#1
if you don't know what a faraday cage is, google it.
ok, back? good.

i'm toying with the idea of building one because for some reason my mic or amp is picking up EM radiation from other electronics in my recording room. I want to place a small amp inside, mic it, and run a patch cord out of a sealed hole in the back.

anyone had any experience with miking an amp in a box?
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Last edited by sysD at Apr 16, 2013,
#2
Quote by sysD
anyone had any experience with miking an amp in a box?

Google 'isolation cab,' OK? You back?
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#3
nice, thanks for the link.

how do you get around the problem of peaking mic levels at crunch volumes?

(i've only ever used an sm57 and a couple condenser mics on my mixer...)
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#4
Quote by sysD
if you don't know what a faraday cage is, google it.
ok, back? good.

i'm toying with the idea of building one because for some reason my mic or amp is picking up EM radiation from other electronics in my recording room. I want to place a small amp inside, mic it, and run a patch cord out of a sealed hole in the back.

anyone had any experience with miking an amp in a box?


How will you get power to it without compromising the cage?

If you really want to limit EM interference, you'll need to use a battery powered amp and a wireless transmitter tuned to a frequency that will bypass your faraday cage...

Seems a lot of work.
“Ignorance more frequently begets confidence than does knowledge.”
Charles Darwin
#5
Turn the volume down on your interface. You're not peaking the mic, you're peaking the preamp/interface. If you were clipping an SM57 you'd be dead.

Plus unless you have horrible interference (in which case something else is wrong and a faraday cage won't help you) you can usually get rid of most noise with whatever recording software you used.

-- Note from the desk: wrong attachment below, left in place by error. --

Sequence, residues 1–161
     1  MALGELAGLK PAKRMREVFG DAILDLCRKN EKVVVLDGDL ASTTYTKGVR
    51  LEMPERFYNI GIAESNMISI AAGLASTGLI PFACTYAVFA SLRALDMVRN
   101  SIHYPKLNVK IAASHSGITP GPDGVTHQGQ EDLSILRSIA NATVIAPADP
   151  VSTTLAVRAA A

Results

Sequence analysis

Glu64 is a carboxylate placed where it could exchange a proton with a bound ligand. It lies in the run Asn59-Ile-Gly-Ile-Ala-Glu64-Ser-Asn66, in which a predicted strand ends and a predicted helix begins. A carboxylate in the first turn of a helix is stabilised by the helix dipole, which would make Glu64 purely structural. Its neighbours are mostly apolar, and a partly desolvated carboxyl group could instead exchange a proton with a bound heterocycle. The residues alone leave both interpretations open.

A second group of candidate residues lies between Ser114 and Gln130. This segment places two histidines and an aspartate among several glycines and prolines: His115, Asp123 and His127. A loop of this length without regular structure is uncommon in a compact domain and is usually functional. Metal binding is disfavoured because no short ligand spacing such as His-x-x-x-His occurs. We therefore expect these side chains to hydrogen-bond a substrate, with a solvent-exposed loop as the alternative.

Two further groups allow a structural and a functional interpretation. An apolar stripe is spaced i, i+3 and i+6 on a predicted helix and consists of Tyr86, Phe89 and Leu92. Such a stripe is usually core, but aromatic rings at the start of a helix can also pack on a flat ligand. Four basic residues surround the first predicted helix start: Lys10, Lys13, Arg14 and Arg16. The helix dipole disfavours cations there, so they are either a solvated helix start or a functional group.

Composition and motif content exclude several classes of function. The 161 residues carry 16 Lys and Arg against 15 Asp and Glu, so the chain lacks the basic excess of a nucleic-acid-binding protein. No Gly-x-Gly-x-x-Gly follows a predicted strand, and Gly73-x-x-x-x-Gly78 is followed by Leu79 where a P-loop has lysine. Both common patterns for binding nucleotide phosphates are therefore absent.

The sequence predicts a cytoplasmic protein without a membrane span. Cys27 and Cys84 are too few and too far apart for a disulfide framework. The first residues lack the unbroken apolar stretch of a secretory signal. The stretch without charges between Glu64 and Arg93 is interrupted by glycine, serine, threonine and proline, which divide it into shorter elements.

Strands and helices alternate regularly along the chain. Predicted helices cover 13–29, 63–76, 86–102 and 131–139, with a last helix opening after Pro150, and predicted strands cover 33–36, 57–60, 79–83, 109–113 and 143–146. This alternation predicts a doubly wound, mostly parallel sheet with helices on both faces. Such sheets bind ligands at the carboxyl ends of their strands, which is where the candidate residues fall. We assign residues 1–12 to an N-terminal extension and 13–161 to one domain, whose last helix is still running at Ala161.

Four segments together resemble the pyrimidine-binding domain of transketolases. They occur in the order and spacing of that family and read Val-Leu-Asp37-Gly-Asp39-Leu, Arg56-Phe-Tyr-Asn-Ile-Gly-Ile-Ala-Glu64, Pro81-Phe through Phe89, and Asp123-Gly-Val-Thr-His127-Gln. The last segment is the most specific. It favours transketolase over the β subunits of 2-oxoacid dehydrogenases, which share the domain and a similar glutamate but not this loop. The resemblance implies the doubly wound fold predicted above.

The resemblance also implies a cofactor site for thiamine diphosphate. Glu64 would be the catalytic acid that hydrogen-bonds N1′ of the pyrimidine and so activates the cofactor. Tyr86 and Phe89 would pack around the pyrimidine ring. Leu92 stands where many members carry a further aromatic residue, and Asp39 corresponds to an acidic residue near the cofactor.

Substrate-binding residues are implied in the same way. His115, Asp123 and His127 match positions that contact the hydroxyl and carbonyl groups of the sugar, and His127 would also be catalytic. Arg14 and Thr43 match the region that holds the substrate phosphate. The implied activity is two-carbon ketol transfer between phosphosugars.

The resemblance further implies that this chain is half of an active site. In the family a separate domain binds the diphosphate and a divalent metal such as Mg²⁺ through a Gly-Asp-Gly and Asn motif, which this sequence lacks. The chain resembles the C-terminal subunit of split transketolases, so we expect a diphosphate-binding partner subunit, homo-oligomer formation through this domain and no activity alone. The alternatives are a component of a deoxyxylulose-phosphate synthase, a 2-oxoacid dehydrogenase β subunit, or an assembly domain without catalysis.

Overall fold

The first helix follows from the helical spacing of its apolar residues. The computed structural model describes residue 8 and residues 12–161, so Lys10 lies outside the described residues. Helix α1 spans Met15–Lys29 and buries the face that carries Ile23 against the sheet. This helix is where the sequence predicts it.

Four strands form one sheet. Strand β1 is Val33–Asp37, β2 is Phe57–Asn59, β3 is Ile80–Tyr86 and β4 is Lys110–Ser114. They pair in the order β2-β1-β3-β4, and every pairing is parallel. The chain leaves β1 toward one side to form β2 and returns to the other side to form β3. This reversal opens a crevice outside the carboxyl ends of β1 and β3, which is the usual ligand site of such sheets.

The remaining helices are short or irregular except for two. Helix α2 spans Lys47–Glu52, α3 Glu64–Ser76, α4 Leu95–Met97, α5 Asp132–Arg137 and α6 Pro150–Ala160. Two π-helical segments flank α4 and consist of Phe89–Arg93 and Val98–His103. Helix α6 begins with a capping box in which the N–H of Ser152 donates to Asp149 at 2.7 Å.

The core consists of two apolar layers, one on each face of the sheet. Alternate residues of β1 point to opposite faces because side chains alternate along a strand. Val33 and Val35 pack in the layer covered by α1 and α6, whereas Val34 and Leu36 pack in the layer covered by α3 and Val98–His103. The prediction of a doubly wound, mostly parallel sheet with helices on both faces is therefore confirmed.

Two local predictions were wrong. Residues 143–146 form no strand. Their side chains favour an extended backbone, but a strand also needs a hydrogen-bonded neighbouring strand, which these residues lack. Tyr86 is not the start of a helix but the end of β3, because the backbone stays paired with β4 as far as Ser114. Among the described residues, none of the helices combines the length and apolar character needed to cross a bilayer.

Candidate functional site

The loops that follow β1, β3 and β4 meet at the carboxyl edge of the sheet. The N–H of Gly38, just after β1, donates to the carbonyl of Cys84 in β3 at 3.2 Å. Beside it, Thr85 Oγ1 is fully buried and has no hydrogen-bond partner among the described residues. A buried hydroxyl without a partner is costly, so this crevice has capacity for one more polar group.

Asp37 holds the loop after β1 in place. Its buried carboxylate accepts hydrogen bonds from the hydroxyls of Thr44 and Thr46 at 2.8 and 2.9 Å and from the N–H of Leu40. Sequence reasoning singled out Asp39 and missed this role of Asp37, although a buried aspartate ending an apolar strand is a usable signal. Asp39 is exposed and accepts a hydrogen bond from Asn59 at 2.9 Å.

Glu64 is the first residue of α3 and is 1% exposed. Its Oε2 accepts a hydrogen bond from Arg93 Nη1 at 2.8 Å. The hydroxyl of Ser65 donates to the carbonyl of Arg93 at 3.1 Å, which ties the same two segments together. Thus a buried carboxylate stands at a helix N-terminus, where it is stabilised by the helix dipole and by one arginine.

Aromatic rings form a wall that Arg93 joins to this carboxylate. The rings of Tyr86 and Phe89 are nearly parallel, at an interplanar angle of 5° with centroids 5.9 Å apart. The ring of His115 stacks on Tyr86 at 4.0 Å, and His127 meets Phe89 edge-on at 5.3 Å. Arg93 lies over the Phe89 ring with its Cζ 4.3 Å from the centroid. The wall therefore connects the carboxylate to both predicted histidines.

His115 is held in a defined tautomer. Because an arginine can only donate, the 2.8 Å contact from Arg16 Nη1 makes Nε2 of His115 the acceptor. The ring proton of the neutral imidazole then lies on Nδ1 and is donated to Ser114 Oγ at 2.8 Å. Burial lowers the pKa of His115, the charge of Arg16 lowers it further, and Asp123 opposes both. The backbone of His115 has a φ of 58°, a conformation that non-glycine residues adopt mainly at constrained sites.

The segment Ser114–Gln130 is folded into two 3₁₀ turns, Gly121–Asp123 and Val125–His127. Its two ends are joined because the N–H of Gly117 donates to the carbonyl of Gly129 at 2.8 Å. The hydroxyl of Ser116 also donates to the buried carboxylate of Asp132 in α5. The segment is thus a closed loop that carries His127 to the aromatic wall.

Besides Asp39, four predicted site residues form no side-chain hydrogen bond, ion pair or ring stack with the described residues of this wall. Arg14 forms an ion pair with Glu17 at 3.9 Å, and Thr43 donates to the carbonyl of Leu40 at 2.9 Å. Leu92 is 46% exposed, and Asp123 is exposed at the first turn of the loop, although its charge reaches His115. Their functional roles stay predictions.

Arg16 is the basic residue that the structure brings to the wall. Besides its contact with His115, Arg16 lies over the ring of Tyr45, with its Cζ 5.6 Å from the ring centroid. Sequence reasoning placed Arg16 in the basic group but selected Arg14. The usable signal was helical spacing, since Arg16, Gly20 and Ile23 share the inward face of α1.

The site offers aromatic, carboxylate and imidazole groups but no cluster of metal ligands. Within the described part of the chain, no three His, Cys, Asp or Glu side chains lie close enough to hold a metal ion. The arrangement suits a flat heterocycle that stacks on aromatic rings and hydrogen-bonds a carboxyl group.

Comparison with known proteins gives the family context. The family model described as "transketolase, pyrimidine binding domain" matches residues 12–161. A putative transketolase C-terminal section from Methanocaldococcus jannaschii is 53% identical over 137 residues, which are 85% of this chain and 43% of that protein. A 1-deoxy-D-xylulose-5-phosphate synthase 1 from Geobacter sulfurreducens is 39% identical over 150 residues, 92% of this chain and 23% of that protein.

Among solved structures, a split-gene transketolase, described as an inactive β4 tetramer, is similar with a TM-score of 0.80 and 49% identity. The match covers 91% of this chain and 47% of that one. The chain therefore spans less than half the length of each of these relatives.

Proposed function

It's not a terrible idea, it's just that it's a solution to a problem you shouldn't have in the first place. If you're walking around on your hands because your leg is broken, the novelty of being able to walk on your hands isn't exactly the thing you should be focused on.
#6
I'd suggest finding out whether its the mic or the amp.

If its the mic, try a star-quad xlr cable, its a step up from standard balanced xlrs.
If its the amp I'm not really sure I can help! Have you tried isolating its mains from the mains of your other equipment? And do you have lights with dimmers?

EDIT RE clipping: You won't be clipping the mic, most modern mics can take huge SPLs. Its probably the preamp stage. Try taking down the preamp gain

EDIT2 first thing you should try is moving your amp to another location in the room, away from any lights with dimmers or other non-audio equipment.
Last edited by tim_mop at Apr 16, 2013,
#7
You're overthinking this. You don't need a Faraday cage. I don't know of any studios that use them. All you need to employ is some common sense in your setup.

Are you using an XLR cable between your mic and interface, or is it an XLR to TS cable? If you're using a decent XLR cable, there shouldn't be any noise and you really don't need to purchase a Canare Star-Quad. By its design, an XLR cable will reject noise and will work fine for bedroom studios.

Also, try to route power cables away from signal lines. This isn't a problem for good balanced cables, but is an issue for unbalanced ones.
#8
^Good point.

Thinking about it, I'm fairly sure a screened cable already IS a faraday cage, so making another one isn't going to help!

What cables are you using TS?